Shoulder-related injuries are generally diagnosed and treated once:
- Medical history has outlined problems with the shoulder
- A physical exam has determined limitations and pain levels
- Tests confirm shoulder problems (i.e. X-ray, MRI, ultrasound)
Social Security Disability for a Shoulder Injury
To receive Social Security Disability, the SSA will look at whether your shoulder injury meets the requirements in one of the disability listings in the Blue Book or prevents you from doing any work.
There is no specific listing for shoulder problems, but you may qualify under Listing 1.18: Abnormality of a major joint(s) in any extremity. (This listing has replaced Listing 1.02: Major dysfunction of a joint).
If you can prove that your shoulder injury is serious enough that it leaves you unable to perform fine and gross movements, you may be eligible for disability.
Symptoms you must have that cause severe chronic pain and limits movement include:
- Chronic joint pain or stiffness
- Abnormal motion, instability or immobility of the affected joint
- Anatomical abnormality of the affected joint as evidenced through a physical exam or imaging
You must also have an impairment-related physical limitation of musculoskeletal functioning (injury affecting the bones, tendons and/or muscles) that has lasted or is expected to last for one year or more.
When Injury Does Not Meet Blue Book Listing
If your shoulder injury does not meet or equal a Blue Book listing, you may still be eligible for disability based on your functional limitations and inability to work.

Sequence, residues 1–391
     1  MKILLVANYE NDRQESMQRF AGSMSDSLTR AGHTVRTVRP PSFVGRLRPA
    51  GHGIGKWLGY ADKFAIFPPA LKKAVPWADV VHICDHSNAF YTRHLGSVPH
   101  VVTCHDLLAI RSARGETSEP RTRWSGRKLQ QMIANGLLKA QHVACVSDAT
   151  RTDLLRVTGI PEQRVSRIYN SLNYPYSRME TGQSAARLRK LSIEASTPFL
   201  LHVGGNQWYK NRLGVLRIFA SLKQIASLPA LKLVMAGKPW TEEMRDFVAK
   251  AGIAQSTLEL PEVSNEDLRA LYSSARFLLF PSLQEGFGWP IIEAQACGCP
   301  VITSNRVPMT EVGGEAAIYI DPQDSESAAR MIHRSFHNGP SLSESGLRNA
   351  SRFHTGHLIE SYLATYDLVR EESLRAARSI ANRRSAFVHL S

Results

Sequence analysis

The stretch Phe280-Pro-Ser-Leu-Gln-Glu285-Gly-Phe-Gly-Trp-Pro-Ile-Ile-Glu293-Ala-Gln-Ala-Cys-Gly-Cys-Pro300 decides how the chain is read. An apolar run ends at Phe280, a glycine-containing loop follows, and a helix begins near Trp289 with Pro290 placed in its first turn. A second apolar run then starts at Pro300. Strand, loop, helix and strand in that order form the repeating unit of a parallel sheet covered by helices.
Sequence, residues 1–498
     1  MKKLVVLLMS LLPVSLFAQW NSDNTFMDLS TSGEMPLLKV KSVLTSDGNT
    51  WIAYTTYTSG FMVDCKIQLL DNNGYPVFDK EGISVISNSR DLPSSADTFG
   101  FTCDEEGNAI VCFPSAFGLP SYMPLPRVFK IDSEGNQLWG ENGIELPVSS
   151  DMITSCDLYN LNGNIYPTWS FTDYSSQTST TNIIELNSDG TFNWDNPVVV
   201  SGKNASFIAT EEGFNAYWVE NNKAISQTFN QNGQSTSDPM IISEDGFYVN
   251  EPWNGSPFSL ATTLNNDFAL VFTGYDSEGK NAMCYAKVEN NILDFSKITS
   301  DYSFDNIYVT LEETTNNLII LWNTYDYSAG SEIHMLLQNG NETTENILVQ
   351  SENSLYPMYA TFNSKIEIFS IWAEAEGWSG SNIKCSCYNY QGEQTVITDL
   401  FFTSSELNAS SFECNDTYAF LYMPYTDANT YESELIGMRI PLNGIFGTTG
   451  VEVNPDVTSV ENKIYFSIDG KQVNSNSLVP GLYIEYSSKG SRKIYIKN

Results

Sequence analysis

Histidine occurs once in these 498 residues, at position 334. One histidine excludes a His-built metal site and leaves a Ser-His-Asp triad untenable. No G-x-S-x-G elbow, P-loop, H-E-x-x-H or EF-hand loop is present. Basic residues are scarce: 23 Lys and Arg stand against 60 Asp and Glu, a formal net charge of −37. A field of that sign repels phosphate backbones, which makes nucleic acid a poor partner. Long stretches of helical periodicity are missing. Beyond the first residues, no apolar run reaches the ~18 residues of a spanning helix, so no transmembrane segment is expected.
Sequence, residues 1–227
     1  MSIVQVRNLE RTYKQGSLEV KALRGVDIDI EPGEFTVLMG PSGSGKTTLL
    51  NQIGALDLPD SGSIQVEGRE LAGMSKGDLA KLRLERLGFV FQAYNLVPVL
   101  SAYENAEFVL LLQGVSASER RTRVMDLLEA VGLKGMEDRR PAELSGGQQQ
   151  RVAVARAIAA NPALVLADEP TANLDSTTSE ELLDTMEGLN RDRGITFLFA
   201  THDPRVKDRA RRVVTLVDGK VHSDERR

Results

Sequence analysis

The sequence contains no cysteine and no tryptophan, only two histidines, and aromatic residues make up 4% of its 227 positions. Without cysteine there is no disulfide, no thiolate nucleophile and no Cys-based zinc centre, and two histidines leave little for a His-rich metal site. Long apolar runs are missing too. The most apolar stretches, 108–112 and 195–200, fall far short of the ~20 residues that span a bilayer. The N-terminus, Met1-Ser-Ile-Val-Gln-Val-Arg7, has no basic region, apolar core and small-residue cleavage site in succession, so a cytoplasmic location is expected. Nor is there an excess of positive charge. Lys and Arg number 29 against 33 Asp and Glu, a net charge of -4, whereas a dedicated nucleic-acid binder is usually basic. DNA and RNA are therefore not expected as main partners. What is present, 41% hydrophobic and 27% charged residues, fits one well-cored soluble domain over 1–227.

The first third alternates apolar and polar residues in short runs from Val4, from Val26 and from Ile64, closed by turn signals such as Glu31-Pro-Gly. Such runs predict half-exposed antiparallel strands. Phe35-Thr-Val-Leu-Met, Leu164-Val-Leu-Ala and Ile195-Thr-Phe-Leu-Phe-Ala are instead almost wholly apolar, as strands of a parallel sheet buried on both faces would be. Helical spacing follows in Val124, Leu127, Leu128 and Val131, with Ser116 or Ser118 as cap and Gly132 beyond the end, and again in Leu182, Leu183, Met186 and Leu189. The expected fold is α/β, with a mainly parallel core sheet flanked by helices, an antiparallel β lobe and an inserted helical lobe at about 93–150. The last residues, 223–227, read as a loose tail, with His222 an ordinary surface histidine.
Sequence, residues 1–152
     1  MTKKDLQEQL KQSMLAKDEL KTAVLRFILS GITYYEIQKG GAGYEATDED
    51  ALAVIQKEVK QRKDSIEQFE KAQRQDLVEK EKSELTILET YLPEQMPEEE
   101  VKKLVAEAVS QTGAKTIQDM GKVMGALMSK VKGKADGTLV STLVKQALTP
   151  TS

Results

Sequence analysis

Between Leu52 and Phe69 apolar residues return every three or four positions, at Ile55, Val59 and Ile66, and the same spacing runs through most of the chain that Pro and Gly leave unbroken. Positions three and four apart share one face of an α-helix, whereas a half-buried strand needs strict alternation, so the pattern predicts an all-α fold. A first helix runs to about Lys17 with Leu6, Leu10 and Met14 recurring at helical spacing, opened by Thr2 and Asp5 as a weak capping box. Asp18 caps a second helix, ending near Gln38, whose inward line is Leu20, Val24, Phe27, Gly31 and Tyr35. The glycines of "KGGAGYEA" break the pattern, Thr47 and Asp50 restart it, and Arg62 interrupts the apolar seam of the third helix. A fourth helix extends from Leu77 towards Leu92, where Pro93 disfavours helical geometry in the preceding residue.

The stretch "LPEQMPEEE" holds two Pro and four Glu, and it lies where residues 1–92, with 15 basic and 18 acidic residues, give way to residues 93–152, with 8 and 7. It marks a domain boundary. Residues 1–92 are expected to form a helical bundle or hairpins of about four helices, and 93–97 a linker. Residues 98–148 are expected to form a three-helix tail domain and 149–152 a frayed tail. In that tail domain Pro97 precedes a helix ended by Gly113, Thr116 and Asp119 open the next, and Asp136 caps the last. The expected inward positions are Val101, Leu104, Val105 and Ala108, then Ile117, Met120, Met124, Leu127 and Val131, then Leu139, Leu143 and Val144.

A medical-vocational allowance is one way to be able to receive disability benefits. The SSA will take into consideration your medical records as well as your age, educational level and previous work experience. Disability claimants who are older, less educated and have fewer job skills are more likely to qualify.
For instance, a medical-vocational allowance would be more relevant if you are required to use your arms and hands frequently at work. Perhaps you must be able to carry and lift heavy items to do your job. Having a long-term rotator cuff injury or severe arthritis in the shoulder would make completing these tasks very difficult and therefore, more likely to qualify for a medical-vocational allowance.
Reach Out to A Licensed Attorney Today
A Phoenix Social Security Disability attorney at our firm is prepared to collect the medical evidence needed to show that your shoulder injury is serious and persistent enough to be eligible for disability.
We have many years of experience handling initial disability claims to appealing denial notices. You can learn more about Social Security Disability by calling us and scheduling a free consultation. There is no obligation to move forward if you have a valid claim and no upfront fees if you have us represent you.
Call 1-800-503-2000 to talk to an attorney.